Tim Winton - Australian Author

Tim Winton - Australian Author
Australian Authors are said to be manifestly different from authors from the rest of the world. I’m not sure I entirely agree with that statement, but I would agree that some Australian authors do demonstrate a unique style of writing, either in fiction or nonfiction or verse.

A case in point is the well known Aussie writer Tim Winton, who has a reputation in Australian literary circles as an author you either love to read or find very difficult to read. Interestingly, Tim has been declared a “National Living Treasure” and is considered worldwide to be one of the finest novelists of his generation.

I am one of those readers who really relishes a Tim Winton novel or short story, and I’m happy to say that I’ve read most of them.

It is true that Tim Winton has been known to write in an unusual turn of phrase and takes some time and a few pages for the reader to get “in sync” with Winton’s method of expressing the story. I equate Winton to Shakespeare in some ways. When attending a Shakespearian play or reading a text by Shakespeare, it takes some time to get in the “rhythm” of the language until it flows smoothly from stage to ears, or page to mind.

In some of Winton’s writing it is off putting to find very little grammar, and sometimes no grammar at all, so it is up to the reader to interpret who is speaking at a specific time. It takes time, but believe me, it’s worth the effort. Winton’s writing is hugely expressive and meaningful and can transport you to the landscape he is writing about till you can almost smell the sea.

Tim was born in Perth, Western Australia in 1960. Winton spent his early years in the coastal township of Albany, which is located on the southern coast of Western Australia and is the oldest permanent settlement in WA. It is a really beautiful part of WA with pristine beaches and wonderful untouched scenery. Winton himself has said that the experiences he had as a child living in such an unspoiled environment have definitely influenced his writings throughout his career.

Winton enrolled at the Curtin University of Technology in Perth and attended a Creative Writing Course. His first novel An Open Swimmer was published when he was 21 and still attending Curtin University. He won the coveted Miles Franklin Award which is considered Australia’s most prestigious literary prize with his second novel, Shallows.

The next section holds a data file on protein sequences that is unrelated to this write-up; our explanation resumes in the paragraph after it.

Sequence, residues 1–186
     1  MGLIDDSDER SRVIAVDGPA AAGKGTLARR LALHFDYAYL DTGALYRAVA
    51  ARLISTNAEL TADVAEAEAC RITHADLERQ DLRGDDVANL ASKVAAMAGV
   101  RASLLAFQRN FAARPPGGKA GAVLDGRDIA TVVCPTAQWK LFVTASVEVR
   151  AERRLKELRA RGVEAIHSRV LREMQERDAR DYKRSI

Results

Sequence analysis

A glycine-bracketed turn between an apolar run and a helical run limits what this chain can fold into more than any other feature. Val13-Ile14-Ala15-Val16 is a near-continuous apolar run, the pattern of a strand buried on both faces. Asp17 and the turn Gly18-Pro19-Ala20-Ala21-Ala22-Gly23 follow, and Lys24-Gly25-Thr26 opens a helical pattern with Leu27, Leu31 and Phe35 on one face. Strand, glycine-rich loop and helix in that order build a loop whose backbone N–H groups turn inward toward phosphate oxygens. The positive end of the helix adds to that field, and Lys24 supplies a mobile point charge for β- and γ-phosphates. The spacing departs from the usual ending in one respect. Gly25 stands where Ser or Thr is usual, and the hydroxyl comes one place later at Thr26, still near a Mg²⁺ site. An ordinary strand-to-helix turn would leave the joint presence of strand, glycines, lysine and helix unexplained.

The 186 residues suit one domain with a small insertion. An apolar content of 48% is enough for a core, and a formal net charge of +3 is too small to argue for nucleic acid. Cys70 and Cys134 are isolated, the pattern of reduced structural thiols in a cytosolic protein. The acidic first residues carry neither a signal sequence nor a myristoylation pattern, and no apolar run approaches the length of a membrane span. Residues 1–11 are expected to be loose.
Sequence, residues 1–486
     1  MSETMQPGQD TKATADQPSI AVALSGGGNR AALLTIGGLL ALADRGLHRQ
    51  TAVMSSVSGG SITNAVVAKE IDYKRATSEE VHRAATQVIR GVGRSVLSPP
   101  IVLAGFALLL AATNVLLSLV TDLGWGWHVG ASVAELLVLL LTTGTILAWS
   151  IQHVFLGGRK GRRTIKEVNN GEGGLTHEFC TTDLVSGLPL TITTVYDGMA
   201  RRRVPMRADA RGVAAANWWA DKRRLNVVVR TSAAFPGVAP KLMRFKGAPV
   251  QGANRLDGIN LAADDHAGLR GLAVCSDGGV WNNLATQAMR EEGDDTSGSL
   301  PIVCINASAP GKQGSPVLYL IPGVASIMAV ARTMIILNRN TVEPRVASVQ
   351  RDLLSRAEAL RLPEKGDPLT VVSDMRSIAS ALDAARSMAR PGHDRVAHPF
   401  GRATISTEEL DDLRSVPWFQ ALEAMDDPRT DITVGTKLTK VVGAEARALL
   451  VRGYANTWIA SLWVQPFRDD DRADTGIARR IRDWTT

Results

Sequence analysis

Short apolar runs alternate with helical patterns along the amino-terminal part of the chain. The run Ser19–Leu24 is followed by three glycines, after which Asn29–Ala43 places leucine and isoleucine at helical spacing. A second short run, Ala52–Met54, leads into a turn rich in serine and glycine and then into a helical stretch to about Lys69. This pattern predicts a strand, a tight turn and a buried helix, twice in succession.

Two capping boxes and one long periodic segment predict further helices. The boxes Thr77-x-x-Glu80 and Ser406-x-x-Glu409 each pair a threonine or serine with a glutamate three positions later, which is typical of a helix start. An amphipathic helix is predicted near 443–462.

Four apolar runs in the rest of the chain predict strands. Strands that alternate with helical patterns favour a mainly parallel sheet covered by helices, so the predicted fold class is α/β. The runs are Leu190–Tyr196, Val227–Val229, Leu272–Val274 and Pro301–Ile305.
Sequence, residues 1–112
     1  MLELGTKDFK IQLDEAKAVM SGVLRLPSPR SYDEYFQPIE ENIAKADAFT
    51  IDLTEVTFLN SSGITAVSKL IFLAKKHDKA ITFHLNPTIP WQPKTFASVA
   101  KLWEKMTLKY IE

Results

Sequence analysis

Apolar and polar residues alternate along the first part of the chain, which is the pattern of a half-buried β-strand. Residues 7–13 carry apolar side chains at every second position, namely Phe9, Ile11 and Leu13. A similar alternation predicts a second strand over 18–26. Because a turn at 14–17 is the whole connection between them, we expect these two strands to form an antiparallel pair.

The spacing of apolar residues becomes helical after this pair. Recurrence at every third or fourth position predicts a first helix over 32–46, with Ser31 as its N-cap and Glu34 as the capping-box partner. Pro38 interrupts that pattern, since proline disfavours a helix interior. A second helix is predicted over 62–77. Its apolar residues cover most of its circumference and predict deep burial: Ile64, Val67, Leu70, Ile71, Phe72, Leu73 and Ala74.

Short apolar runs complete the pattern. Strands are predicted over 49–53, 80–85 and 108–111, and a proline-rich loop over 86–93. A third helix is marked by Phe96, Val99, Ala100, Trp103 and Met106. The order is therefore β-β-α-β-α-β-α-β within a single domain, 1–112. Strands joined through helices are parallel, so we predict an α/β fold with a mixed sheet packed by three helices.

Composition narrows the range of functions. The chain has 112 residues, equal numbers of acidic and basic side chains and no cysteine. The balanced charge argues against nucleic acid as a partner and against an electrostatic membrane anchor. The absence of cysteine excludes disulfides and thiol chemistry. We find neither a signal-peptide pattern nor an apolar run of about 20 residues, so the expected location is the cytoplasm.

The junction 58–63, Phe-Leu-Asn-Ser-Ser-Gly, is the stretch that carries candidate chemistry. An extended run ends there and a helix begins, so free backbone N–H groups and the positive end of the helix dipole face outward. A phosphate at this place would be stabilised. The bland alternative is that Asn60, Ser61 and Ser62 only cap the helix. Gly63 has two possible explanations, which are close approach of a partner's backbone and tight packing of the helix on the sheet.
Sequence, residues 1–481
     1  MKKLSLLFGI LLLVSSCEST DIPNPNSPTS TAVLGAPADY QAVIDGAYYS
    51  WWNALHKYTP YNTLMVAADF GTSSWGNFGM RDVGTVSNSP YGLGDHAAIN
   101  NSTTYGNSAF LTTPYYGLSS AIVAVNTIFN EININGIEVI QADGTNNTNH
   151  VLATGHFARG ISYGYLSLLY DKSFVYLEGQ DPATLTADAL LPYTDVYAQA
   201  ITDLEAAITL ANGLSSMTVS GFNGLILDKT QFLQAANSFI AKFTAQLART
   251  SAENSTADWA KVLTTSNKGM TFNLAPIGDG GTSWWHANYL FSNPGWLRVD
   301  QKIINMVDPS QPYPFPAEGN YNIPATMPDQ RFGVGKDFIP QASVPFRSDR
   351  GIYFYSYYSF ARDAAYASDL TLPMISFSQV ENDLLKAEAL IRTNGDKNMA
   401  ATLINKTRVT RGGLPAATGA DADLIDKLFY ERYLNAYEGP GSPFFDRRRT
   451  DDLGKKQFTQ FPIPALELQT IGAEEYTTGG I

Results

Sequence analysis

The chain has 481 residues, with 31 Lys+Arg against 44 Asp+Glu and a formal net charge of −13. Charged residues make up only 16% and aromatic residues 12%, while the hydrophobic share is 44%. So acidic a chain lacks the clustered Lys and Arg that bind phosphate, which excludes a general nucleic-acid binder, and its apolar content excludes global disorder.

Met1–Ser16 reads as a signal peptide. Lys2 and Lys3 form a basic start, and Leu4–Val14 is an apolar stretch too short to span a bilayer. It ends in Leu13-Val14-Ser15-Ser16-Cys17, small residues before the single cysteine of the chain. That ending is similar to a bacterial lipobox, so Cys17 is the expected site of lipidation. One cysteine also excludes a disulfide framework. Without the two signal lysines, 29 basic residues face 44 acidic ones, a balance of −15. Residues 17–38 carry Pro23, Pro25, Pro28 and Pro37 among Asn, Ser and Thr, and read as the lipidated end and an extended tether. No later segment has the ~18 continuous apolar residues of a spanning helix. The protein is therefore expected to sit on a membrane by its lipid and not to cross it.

In 1991, his fifth novel Cloudstreet, catapulted Winton into the history pages as one of Australia’s best loved and most highly regarded writers.
Winton has lived in many parts of the world, and it was whilst living in Ireland that he wrote The Riders, which saw this novel shortlisted for the Booker Prize in 1994.

In all, Winton has written a total of 20 novels, including children’s books, short stories and non-fiction works. His first play, Rising Water premiered in August 2011 to critical acclaim.

Winton also has a voice outside of his writing, and is enthusiastically involved in environmental and conservation movements throughout Australia. He is also a very proud patron of the Tim Winton Award for Young Writers.

Below is a timeline of Winton’s novels. I thoroughly recommend you take some time and read a Winton novel. I don’t think it will be your last.

  • Rising Water ( 2012 )
  • Smalltown ( 2010 )
  • Breath ( 2008 )
  • The Turning ( 2004 )
  • Dirt Music ( 2001 )
  • Down to Earth ( 1999 )
  • The Deep ( 1998 )
  • Blueback ( 1997 )
  • Lockie Leonard, Legend ( 1997 )
  • The Riders ( 1994 )
  • Local Colour ( 1994 )
  • Lockie Leonard, Scumbuster ( 1993 )
  • Land's Edge ( 1993 )
  • The Buglugs Bum Thief ( 1991 )
  • Cloudstreet ( 1991 )
  • Lockie Leonard, Human Torpedo ( 1990 )
  • Jesse ( 1988 )
  • In the Winter Dark ( 1988 )
  • Minimum of Two ( 1987 )
  • That Eye the Sky ( 1986 )
  • Scission ( 1985 )
  • Shallows ( 1984 )
  • An Open Swimmer ( 1982 )

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